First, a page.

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What NBA observers think about Sixers' potential picks

As interest in NBA draft heats up, here's what some scouts think about the guys who could land in the Sixers' lap.

Kansas guard Andrew Wiggins is covered by Oklahoma State guard Marcus Smart. (Orlin Wagner/AP)
Kansas guard Andrew Wiggins is covered by Oklahoma State guard Marcus Smart. (Orlin Wagner/AP)Read more

THE MOST exciting time for this 76ers team is coming up over the next 6 weeks or so.

This week in Chicago, general manager Sam Hinkie and company will oversee the rookie combine; May 20 is the draft lottery; June 26 is the NBA draft.

Not since the Sixers had the first overall pick in 1997 has there been so much buzz surrounding the team's selection. After finishing with the second-worst overall record this past season, the Sixers could wind up with the top pick again, or could fall to No. 5. They also will most likely end up with the 10th pick, which they obtained from the New Orleans Pelicans last draft night when they sent Jrue Holiday to NOLA.

Coach Brett Brown has repeatedly said his preference is to take the best player on the board, regardless of position (isn't that what Eagles coach Chip Kelly tried to sell, also?). Of course, with such a limited roster, that seems to be a no-brainer, although one of the top five picks could be point guard Dante Exum. The Sixers would seem already to be set at the point with rookie of the year Michael Carter-Williams, but Brown has ties with the Australian, and Hinkie has showed that no move is out of consideration.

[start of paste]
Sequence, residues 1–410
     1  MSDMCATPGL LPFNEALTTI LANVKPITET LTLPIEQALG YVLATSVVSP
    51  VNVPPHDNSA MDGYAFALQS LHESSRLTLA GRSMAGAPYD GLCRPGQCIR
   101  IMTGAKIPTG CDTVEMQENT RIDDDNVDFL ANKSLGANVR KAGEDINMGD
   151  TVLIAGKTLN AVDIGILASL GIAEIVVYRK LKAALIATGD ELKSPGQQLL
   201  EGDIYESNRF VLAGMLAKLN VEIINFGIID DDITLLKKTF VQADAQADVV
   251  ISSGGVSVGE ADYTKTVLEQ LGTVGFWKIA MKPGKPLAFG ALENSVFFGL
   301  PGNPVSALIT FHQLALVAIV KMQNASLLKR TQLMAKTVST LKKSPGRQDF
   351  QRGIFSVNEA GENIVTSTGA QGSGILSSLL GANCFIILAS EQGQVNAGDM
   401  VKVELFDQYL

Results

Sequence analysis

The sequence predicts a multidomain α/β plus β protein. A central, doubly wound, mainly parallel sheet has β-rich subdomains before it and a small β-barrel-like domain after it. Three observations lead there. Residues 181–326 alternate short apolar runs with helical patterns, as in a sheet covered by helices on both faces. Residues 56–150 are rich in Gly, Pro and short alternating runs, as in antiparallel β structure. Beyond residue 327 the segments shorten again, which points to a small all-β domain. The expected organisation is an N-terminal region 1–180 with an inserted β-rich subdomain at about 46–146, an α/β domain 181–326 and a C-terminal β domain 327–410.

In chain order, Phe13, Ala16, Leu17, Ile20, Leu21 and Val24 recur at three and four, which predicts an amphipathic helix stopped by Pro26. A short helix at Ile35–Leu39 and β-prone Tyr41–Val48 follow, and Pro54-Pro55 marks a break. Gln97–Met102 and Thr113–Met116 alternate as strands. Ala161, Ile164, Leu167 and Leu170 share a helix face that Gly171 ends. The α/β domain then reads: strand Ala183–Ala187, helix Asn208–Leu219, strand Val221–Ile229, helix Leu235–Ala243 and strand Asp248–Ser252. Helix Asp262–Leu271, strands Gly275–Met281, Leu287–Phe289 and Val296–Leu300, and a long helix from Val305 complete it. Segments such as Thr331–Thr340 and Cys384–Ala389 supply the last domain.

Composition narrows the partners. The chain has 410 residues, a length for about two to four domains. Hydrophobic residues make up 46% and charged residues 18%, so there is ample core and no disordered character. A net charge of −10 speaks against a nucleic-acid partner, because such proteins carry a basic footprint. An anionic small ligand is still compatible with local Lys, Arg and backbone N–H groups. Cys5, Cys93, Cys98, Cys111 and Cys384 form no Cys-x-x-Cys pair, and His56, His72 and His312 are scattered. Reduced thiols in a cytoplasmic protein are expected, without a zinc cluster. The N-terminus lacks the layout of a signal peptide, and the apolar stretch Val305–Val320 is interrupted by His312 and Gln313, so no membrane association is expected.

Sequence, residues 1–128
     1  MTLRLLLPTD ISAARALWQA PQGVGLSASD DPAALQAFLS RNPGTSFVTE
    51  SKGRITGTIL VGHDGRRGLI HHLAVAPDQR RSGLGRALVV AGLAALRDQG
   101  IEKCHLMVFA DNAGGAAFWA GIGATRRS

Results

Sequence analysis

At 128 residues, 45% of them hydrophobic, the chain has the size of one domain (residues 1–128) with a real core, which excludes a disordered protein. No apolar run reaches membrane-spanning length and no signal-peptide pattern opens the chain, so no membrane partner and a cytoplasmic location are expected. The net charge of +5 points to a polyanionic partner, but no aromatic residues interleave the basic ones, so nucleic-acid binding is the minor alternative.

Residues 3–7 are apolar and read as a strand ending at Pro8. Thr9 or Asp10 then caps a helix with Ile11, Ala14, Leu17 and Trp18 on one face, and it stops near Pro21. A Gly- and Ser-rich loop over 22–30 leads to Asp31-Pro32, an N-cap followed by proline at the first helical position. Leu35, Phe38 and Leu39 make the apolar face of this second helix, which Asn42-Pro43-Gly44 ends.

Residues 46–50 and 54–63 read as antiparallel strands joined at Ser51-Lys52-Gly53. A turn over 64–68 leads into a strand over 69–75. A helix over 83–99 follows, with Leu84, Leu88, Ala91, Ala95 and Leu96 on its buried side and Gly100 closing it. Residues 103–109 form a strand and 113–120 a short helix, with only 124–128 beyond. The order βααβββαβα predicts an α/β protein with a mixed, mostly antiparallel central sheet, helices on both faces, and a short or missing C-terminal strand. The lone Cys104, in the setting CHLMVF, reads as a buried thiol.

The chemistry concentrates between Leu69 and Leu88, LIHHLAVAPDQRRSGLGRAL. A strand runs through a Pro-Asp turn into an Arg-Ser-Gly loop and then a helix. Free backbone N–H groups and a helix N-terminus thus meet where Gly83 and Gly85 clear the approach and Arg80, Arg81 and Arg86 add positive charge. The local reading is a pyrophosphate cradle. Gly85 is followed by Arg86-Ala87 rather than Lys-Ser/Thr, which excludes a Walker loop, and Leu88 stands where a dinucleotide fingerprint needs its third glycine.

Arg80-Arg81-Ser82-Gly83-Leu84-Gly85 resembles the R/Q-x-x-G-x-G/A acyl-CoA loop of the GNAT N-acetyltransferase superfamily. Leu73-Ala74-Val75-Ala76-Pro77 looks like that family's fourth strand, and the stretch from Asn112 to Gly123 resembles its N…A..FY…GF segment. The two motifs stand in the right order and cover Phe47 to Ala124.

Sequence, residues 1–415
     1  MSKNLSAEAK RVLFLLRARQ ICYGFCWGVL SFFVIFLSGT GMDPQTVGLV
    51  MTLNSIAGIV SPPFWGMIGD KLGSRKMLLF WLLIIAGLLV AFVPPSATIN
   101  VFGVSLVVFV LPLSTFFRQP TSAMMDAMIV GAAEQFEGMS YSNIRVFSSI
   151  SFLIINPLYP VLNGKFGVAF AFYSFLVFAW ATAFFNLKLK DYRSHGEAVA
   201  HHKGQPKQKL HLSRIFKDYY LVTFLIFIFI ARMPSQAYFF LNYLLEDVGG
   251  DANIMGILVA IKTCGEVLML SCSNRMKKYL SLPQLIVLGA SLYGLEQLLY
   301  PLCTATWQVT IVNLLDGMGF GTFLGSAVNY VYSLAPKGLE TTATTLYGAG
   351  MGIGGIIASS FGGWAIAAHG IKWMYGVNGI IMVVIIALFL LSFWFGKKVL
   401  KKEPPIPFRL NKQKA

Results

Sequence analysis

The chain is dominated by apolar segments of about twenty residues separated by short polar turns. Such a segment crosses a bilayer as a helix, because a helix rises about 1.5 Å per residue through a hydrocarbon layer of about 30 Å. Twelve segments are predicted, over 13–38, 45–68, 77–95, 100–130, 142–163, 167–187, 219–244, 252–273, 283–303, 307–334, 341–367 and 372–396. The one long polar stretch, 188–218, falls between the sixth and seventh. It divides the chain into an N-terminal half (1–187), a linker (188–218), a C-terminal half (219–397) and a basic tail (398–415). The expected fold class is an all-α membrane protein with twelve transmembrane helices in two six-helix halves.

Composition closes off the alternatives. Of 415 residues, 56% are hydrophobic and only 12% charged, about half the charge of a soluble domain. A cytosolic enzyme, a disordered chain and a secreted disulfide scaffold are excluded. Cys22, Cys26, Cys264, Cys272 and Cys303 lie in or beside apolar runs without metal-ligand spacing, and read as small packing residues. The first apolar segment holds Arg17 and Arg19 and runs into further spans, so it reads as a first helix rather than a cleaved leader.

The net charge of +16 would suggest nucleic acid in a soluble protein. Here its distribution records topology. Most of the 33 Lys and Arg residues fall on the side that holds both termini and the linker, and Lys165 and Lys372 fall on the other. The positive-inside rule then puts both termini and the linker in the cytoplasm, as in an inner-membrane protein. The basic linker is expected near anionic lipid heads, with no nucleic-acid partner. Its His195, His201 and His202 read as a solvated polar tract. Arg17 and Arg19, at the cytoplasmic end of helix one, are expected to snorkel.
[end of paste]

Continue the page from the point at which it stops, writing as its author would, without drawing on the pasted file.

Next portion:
With that, here's a look at what five scouts around the league had to say about the probable top-five picks who could be available to the Sixers. (An interesting side note: I asked the scouts to give me their first five picks in order. Four said they would take Joel Embiid first.)

* Andrew Wiggins (Kansas, shooting guard/small forward; 19 years old; 6-8, 197 pounds): "He's an elite athlete with good length. He has the potential to be a good defender and right now is a very good transition player. Right now, his skill level is not that high. He's a streaky shoother, but is improving. His ballhandling skills are not that good. Has a high upside. Maybe he turns out to be a really good player in the league, maybe he is just a good player. There was a lot of pressure on him with all the hype going into this season and he started slow but ended up better. Everybody talking about him being the next franchise player had to be a lot to handle, and I don't see him being a franchise player in the NBA."